Kerry-McCain Web Privacy Bill a Step in the Right Direction
title=Privacy Bill Lacks Enforcement Power} On the other hand, the privacy groups do have one point in their favor. Despite the fact that they're wrong about Do Not Track, they're right in not liking the fact that the bill gives consumers no means by which to hold companies accountable for violating the law. Without a penalty for ignoring the law, the rules effectively have no teeth. This means that while the bill may give consumers certain rights, there is no way to actually ensure that they get those rights. This is a problem. In fact, it's a big enough problem that, as well-meaning as the Kerry-McCain bill is, that deficiency should be changed before the Senate gets to vote on it. To accomplish that, the Senators need to make clear in the bill what recourse consumers have when their rights are violated. Or they need to add some kind of enforcement mechanism that's realistically available to consumers. Right now, the draft of the bill simply calls on state attorneys general or the Federal Trade Commission to enforce it.As a result, someone who believes that their personal information was used has to either convince their state attorney general or the FTC to do something about it. The FTC has been somewhat effective in shutting down junk phone calls through the Do Not Call list, but the process is excruciatingly slow. Depending on the state attorney general involved, it's hard to see how that road would be much more effective. The bottom line is that while this bill is probably a very good idea, there should be more recourse for individuals who suffer abuses by unethical, or simply sloppy, Internet commerce companies. As it stands, an individual may never see anything, or have anything changed unless they have the wherewithal to force action on the government. Still, with a few more teeth, the Kerry-McCain bill is far better than the weak and bound-to-fail attempts that have gone before it. These senators are on the right track. They just need to make sure that their legislation stays on the right track and actually has some effect once it's signed into law.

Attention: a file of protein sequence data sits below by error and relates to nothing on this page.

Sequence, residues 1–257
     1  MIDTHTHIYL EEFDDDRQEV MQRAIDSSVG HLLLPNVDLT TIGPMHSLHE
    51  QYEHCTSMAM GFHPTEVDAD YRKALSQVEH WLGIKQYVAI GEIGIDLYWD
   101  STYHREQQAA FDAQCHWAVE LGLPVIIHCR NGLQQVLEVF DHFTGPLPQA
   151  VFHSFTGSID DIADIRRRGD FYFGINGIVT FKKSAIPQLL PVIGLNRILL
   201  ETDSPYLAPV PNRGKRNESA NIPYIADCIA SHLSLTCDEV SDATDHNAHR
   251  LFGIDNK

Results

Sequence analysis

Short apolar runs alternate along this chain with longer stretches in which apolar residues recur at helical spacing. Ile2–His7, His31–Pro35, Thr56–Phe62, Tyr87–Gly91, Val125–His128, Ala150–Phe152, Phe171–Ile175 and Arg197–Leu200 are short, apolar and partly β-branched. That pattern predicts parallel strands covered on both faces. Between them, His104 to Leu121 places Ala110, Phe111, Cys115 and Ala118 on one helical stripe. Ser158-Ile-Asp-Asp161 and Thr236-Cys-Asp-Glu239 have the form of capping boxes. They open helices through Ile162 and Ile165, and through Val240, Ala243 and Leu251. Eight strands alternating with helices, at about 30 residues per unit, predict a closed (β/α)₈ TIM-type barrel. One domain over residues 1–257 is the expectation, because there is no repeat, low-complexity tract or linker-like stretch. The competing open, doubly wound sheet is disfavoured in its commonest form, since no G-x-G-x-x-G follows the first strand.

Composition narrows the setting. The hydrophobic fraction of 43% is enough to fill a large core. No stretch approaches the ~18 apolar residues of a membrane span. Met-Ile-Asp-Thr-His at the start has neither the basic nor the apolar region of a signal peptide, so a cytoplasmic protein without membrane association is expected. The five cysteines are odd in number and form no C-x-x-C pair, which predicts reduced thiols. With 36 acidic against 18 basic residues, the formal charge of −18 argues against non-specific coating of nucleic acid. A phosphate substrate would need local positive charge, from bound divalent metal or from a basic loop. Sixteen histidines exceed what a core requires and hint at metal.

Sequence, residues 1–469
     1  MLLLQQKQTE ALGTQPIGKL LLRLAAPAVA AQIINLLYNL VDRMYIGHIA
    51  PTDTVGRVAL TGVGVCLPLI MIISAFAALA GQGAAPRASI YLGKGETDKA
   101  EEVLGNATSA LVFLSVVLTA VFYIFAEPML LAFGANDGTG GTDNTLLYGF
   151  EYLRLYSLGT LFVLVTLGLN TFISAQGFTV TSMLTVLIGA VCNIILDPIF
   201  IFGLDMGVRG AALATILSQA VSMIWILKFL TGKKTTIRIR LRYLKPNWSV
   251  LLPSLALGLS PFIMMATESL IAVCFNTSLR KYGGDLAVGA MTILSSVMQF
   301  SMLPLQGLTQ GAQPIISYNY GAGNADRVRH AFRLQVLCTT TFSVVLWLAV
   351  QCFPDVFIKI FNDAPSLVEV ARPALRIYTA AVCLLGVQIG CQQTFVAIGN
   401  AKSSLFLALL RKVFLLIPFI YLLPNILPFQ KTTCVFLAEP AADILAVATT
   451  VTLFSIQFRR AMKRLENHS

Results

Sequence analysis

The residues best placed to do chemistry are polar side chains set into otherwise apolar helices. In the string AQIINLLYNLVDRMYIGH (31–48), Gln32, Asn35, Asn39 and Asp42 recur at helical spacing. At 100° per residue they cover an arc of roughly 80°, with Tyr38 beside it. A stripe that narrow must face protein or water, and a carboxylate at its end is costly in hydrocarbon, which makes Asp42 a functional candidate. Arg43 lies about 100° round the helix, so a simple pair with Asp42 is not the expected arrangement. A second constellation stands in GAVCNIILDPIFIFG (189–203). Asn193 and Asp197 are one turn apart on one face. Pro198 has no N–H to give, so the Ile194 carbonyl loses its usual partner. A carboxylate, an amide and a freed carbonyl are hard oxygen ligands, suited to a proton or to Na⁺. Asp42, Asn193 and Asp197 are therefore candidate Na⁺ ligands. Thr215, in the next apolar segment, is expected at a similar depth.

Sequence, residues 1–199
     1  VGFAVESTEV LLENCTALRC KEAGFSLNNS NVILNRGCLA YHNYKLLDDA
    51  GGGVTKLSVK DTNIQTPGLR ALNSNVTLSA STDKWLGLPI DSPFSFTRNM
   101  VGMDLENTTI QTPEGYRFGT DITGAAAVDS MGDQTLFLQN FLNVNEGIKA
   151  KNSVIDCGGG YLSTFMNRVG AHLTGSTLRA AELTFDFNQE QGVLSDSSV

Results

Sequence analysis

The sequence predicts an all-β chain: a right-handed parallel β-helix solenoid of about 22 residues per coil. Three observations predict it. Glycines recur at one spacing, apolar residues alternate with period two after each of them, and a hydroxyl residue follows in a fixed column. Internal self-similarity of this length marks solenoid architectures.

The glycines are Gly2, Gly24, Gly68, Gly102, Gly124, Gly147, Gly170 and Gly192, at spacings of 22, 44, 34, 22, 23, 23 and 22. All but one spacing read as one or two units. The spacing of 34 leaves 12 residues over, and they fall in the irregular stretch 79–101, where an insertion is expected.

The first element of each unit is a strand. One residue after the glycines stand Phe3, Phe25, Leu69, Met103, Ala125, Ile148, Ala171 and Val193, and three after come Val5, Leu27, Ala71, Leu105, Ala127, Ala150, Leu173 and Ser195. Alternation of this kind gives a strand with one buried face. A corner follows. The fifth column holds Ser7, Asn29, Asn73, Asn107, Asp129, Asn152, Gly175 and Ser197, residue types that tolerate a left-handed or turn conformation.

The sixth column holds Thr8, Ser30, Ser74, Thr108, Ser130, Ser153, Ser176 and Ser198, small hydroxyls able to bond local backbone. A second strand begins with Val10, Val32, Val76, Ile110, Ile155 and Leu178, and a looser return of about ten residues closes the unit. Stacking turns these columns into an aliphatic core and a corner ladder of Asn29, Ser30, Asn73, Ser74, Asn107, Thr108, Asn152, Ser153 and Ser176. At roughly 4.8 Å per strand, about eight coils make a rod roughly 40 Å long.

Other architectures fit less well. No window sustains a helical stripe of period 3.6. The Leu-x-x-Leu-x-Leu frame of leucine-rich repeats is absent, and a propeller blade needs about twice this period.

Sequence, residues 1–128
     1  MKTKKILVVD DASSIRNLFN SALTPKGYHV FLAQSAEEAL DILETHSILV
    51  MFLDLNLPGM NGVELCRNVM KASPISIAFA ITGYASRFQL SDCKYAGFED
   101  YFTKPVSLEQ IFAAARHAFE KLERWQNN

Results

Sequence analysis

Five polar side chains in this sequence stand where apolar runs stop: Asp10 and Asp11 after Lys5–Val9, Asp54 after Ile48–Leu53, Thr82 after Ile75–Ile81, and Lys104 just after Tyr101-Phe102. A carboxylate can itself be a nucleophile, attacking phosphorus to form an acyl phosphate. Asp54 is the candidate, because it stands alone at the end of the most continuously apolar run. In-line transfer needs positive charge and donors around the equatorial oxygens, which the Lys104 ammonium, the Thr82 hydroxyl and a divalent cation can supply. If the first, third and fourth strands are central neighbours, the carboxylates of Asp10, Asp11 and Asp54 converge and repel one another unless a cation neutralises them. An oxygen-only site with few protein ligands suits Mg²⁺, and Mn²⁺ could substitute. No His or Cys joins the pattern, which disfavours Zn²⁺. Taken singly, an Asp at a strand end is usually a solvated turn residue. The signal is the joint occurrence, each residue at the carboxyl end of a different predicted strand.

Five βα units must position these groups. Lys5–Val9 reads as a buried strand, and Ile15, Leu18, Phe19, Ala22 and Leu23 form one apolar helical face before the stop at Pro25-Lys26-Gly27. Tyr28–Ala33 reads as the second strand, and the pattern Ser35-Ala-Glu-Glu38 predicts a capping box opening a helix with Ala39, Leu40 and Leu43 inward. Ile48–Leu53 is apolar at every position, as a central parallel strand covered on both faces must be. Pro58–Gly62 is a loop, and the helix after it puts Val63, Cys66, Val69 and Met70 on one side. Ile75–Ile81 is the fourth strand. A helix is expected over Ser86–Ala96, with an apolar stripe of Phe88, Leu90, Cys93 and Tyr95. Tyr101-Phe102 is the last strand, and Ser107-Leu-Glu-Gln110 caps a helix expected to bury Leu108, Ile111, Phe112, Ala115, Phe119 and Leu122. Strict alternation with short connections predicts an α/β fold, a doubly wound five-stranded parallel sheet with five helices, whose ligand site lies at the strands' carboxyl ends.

While there are civil penalties included in the bill, it currently does not specify what those penalties might be except that the maximum penalty can't exceed $3 million. There's also a daily maximum penalty of $16,500, but that's for not being in compliance. For a large Internet company, the amount is basically chicken feed.